Breakfast with BobbyAnna
What motivated you to tell Bobby and Anna’s story?
I worked at a youth center in East Oakland for three years called Youth UpRising. While working there, I was working with a young woman who had been kicked out of a homeless shelter the night before because she was pregnant, which was against the shelter’s policy. I tried to find some emergency resources but couldn’t for that night. My impulse was to invite her to stay with me, but again, that was against the policy of the organization for which I worked. I wanted to make a film about the ways in which well-intentioned people fail the people they’re trying to support. The characters of Bobby and Anna emerged from my time at Youth UpRising, working with talented young people struggling to stay above water, and educated, well-intentioned, middle-class social/cultural workers navigating the complicated personal boundaries we construct in the name of work/life balance.
Can you tell us about the casting process and the songs featured in the film?
For Bobby, we did street casting. I learned a bit about it by working on Andrea Arnold’s last film American Honey, and speaking with one of her casting people. My producer, Lorraine DeGraffenreidt, and I went to lady’s nights at places like The Abbey, and the now closed Jewel’s Catch One (a crucial institution whose closing is an actual L.A. tragedy/travesty). At the final night Jewel’s was open, we met someone named Destiny, who we thought fit the part, but they didn’t agree. However, Destiny pointed us to Legacy Bailey. From the first moments of her audition, it was clear Legacy would play Bobby. Immediately upon being cast, Legacy and I were workshopping new ideas for scenes. She auditioned with the film’s second song, “Destination”, in addition to adding three other original songs that make up most of the film’s music. Of course Legacy differs in a multitude of ways from Bobby, but if you pay attention to the words of her songs in the film, each of which were written before we met, it’s clear she was the person to play this role.
The phone conversation with her mother at the end is very moving. What’s the significance of it?
That’s up to the viewer. I think most people have had some version of that conversation with a loved one. In terms of the performance, while we were rehearsing for the film, Legacy and I discovered we both knew someone named Marcus, who was dear to us both, who had been killed the year before. I had an R.I.P. Marcus pin with me in my pocket that I handed to Legacy at the beginning of the shoot as a sort of tribute meets talisman. The phone scene was the last thing we shot after a 15-hour overnight. We were exhausted. By the third take, Legacy and I were both in tears. That’s the take in the final film. The project was a true labor of love for everyone involved, and the scene gets to the heart of the film in terms of both how fucked up the world can be, but also the vital role the people closest to us can play in helping us find our way.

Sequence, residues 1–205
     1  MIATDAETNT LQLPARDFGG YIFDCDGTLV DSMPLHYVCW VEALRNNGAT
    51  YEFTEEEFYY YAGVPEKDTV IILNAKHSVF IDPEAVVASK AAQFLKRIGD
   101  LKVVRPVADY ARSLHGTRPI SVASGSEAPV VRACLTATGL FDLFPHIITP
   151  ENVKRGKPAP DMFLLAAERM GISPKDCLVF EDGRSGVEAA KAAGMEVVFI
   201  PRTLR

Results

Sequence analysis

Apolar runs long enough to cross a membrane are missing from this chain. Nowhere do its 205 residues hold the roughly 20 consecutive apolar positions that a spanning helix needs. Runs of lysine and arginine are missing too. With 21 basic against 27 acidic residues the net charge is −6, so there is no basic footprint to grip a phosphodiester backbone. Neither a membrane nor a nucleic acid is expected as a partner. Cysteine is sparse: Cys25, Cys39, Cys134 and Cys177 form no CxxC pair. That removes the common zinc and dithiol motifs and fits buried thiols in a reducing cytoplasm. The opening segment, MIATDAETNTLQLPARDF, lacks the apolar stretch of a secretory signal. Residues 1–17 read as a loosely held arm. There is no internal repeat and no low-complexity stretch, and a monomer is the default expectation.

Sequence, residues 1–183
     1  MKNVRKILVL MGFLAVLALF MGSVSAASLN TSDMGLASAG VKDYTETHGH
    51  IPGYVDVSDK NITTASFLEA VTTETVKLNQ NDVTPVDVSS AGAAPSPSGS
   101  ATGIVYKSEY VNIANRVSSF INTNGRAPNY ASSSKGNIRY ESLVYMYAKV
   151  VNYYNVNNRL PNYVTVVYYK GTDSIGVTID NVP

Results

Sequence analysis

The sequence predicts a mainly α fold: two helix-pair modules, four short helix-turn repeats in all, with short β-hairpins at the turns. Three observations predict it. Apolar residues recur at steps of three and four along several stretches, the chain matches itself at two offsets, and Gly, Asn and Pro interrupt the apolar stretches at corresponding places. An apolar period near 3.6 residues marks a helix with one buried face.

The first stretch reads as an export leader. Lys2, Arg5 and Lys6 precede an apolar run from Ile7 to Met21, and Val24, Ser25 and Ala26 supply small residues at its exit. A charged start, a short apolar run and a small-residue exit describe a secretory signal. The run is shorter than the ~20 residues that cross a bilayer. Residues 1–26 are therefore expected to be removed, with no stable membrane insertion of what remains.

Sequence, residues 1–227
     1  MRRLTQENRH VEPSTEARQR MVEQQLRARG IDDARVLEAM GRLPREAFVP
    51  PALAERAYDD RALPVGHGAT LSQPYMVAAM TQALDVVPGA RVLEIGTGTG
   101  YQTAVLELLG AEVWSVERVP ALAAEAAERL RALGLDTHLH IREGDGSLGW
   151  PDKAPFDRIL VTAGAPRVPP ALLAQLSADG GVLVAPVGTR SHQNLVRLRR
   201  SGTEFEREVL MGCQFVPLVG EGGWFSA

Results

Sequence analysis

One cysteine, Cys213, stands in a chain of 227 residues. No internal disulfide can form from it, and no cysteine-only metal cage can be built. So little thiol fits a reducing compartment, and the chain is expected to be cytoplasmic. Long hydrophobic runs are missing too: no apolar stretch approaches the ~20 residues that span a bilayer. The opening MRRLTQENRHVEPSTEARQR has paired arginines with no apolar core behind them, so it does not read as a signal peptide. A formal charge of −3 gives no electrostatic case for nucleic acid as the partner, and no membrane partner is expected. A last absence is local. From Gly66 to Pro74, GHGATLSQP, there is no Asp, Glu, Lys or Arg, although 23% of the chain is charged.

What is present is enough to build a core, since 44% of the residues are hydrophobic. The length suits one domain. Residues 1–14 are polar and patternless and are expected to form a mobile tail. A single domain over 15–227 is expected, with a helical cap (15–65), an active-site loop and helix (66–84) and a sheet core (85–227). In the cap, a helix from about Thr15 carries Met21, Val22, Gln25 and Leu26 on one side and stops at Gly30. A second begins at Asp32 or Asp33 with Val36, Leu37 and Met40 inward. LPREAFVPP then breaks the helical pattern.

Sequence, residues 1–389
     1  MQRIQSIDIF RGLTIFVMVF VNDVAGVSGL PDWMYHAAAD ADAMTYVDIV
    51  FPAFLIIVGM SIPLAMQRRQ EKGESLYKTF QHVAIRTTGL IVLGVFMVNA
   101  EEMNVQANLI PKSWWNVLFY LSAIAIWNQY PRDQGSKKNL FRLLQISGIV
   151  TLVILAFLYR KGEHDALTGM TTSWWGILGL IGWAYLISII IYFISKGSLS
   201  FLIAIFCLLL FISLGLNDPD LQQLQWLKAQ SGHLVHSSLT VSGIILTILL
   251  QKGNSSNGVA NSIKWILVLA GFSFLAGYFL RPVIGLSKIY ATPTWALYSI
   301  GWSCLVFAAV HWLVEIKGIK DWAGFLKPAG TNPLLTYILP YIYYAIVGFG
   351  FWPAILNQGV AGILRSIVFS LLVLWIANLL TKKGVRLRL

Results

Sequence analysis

Can you tell us about your foray into filmmaking?
I’ve been making some form of narrative films since I was a teenager, but I really committed to filmmaking in the past five years after spending some time working for community-based youth programs in New York and Oakland. I tend to gravitate to stories about the people that teach me the most; often these are folks who are rarely seen on screen. I work closely with my collaborators to make films that reflect their strength, creativity, and struggle in the face of systematic neglect. I split my time between narrative and documentary work, but no matter the project, the end goal is the same; to tell intimate stories that are emotionally engaging and challenge a viewer to consider a perspective beyond their own. Right now, I’m finishing up my MA in Social Documentation at UC Santa Cruz, a program focused on the intersection of documentary production and social change, which has taught me a lot about both low-budget, one-person band filmmaking and ethical approaches to representation.
Any cinematic coups de cœur in the past year you’d like to tell us about?
If I understand you correctly, what’s inspired me in the last year? There’s really inspiring work happening everywhere. I got to see Chevalier and meet Athina Tsangari at the screening; she’s a force and probably better at Q&A’s than any artist I’ve seen in any medium. In the U.S., Khalil Joseph is constantly setting the bar higher with everything he touches, and Barry Jenkins’ Moonlight is, for me, the best film of the last several years: devastating, vital work. I also continue to be moved by everything Apichatapong Weerasethakul makes after seeing Cemetery of Splendour; yet another masterpiece. Oh, and finally watched Li’l Quinquin; great to see a filmmaker as good as Dumont working at that length.
If you’ve already been to Clermont-Ferrand, could you share with us an anecdote or story from the festival? If not, what are your expectations for this year?
This is my first major European festival. I couldn’t be more excited to meet other people passionate about cinema, and see more of what people are doing with the short form in other parts of the world.